In Thomas Wolfe’s Look Homeward Angel, Oliver Gant, after learning stonecutting in Baltimore, moves to the Reconstructed South and stays sober long enough to meet his first wife. Eighteen months later he’s relapsed, and she’s died of a hemorrhage. Rootless, adrift, and scared of dying of tuberculosis, he sets out westward seeking anonymity and ends up in the mountain-valley town of Altamont (Asheville, North Carolina). He wonders: Why here?
I immigrated to North Carolina thirty-three years ago after I was laid off during New York City’s financial crisis and my girlfriend was moving here to be closer to her mother.
I helped her move, driving a big U-Haul full of her belongings from the Long Island town of Sagaponack to Durham and then down Rt. 1 (the Jefferson Davis Highway) to Southern Pines in the Sandhills, a rural region of ancient dunes near Pinehurst, the famous golf resort.
After arriving I stayed a couple of weeks and then returned to Brooklyn. Over the winter my girlfriend and I talked about our future. I didn’t know if or when I’d get my job back; we missed each other, so I decided to join her.
I’d never lived anywhere else and, unprepared for provincial small-town life, I went into culture shock. Within six months, although my girl wasn’t happy about it, I decided to go back home. So I packed, rented a car, and was driving back to the city on I-85 on a clear, starry October night when I had what can only be described as a mystical experience. Something, I think it was God, told me to go back to Southern Pines. I did and I’ve been here ever since.
Living here has brought me both gifts and afflictions. The Lord giveth and taketh away, works in mysterious ways, and it’s said that everything happens for a reason, but sometimes I’ve wondered if Descartes was right when he posed God as an evil deceiver. God’s gifts come with strings attached.
Every spring the thick, brittle leaves of the magnolia near my driveway drop, hitting the asphalt with a crack. When the wind blows you hear them scraping, and if you step on one it crunches. After a shower, piles of leaves heaped all over town emanate brown liquor reeking of primordial swamp. When the trees bloom they have large, white blossoms most people find attractive but I see as ungainly. They’re short-lived and languishing under their own weight; they’ll yellow, flop over, and die.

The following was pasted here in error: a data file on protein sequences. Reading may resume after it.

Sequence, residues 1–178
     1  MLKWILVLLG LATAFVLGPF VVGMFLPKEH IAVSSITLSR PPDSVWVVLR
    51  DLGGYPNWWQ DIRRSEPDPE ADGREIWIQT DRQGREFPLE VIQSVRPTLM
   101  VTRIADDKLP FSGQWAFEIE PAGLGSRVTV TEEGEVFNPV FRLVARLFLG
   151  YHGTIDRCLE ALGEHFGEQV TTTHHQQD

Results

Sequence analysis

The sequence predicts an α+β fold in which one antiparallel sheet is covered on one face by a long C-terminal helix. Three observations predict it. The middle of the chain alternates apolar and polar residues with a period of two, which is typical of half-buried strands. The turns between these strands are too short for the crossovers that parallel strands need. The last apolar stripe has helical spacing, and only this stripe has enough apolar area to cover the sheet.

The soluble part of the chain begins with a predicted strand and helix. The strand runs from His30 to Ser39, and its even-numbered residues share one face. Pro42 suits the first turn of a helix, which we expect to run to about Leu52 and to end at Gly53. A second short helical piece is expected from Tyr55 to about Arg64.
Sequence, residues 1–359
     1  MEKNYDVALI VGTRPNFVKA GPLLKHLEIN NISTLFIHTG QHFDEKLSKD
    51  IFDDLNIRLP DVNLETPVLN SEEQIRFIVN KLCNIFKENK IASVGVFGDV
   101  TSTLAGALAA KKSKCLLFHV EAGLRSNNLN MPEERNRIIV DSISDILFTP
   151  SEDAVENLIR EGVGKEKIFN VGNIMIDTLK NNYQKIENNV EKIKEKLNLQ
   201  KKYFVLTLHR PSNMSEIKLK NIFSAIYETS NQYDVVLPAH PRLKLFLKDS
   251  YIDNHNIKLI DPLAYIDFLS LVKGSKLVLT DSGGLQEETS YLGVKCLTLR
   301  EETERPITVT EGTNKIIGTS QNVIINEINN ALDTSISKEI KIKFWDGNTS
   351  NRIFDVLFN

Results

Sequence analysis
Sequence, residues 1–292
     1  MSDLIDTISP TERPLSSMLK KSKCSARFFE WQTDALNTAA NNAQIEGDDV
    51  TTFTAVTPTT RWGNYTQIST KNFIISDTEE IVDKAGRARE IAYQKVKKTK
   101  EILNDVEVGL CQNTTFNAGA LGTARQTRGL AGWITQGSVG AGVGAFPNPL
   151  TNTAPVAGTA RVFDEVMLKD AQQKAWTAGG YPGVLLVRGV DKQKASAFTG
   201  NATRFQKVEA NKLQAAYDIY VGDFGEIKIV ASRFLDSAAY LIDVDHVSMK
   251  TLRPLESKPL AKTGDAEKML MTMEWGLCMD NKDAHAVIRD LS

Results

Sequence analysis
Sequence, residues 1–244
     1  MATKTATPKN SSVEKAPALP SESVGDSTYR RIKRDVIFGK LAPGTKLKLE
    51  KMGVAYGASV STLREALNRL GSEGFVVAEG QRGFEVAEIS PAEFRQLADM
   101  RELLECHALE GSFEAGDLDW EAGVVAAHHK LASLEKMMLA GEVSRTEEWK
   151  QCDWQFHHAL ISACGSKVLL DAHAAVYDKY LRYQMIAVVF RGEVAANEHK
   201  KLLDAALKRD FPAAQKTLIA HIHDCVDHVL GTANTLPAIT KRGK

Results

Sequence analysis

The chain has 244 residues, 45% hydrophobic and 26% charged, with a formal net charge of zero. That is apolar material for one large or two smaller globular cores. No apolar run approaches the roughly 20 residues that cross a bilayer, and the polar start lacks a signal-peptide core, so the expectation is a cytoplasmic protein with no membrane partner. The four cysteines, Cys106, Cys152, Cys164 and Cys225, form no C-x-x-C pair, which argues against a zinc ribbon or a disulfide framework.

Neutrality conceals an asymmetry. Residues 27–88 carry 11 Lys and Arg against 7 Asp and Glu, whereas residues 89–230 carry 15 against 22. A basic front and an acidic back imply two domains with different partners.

It’s also the time of year my windows are open before the heat sets in, and the large Presbyterian church around the corner sometimes broadcasts hymns after tolling the hour and I have no choice but to listen to them. My parents were French-Mexican, Catholic and Russian, Jewish. After living here for a decade I found a job I loved and started attending conferences. The proceedings always started with a prayer to Jesus, common in the Bible Belt, but that I never found appropriate.
I met my girlfriend at the Zen Studies Society in Manhattan, but after we married—she was raised Episcopalian—we made a foray into local religion. It was a social initiative, an attempt to blend in to the community, but I always felt like a stranger in a strange land. There were fewer immigrants in those days, and what appeared on the surface as a friendly community was also set in its ways, class bound, and parochial.
North Carolina was a red state until Obama, although historically more progressive than the rest of the South. It has some of the largest military bases in the country, and I live a short distance from Fort Bragg. I’ve been apolitical most of my life, except during the Vietnam War and since the advent of the Iraq War, the onslaught of flag-waving, and the local military buildup. I found myself dispensing antiwar, liberal views in a forest of conservatism. Years ago I wrote a wry letter to the local newspaper, The Pilot, complaining about the 82nd Airborne’s cannons rattling my windows. The responses to my letter characterized me as little less than a traitor.
I want to say this without sounding bigoted. There are good people living here and even if they don’t know you they have a seemingly benevolent need to wave at you from their cars. In New York City you never made eye contact on the subway and never waved or smiled at anybody you didn’t know.
Recently, on my way back to North Carolina from northern Virginia on Amtrak, as we approached Rocky Mount, I experienced an internal smile as I looked out on the familiar countryside. When we stopped in Raleigh I observed a family from Boston on their way to Orlando. The dad, covered in Celtics logos, affectionately called his son stupid, and I winced; the people appeared so crude. When I lived in Brooklyn years ago they would have sounded like everyone else but living here has changed me.
It took a long time, but I was inoculated with a slow-drip titration of Southern culture and civility and fell in love with North Carolina and maybe even this illiberal, hybrid resort town. Along the way, I’ve developed a yen for iced tea and bourbon, and given a choice, would eat a biscuit as soon as a bagel.
These days I want to put a wall around North Carolina. The heavy immigration started in the 80s but attracting tourists to the state has been developing since the late 1800s. North Carolina, formerly known as the “Rip Van Winkle” state, has become urbanized, suburbanized, and more diversified. As Thomas Wolfe believed about his beloved birthplace, Asheville, degrees of native charm and culture have suffered, and much of the prime land in the state continues to be broken up for upscale resorts and developments.
There are things I admire about Southern culture and things I don’t, but I don’t want the South to lose its stubborn, inimitable soul. Right now I’m working hard to understand North Carolina, its history and people, because I want to come to peace with living here, but I still wonder. Why here?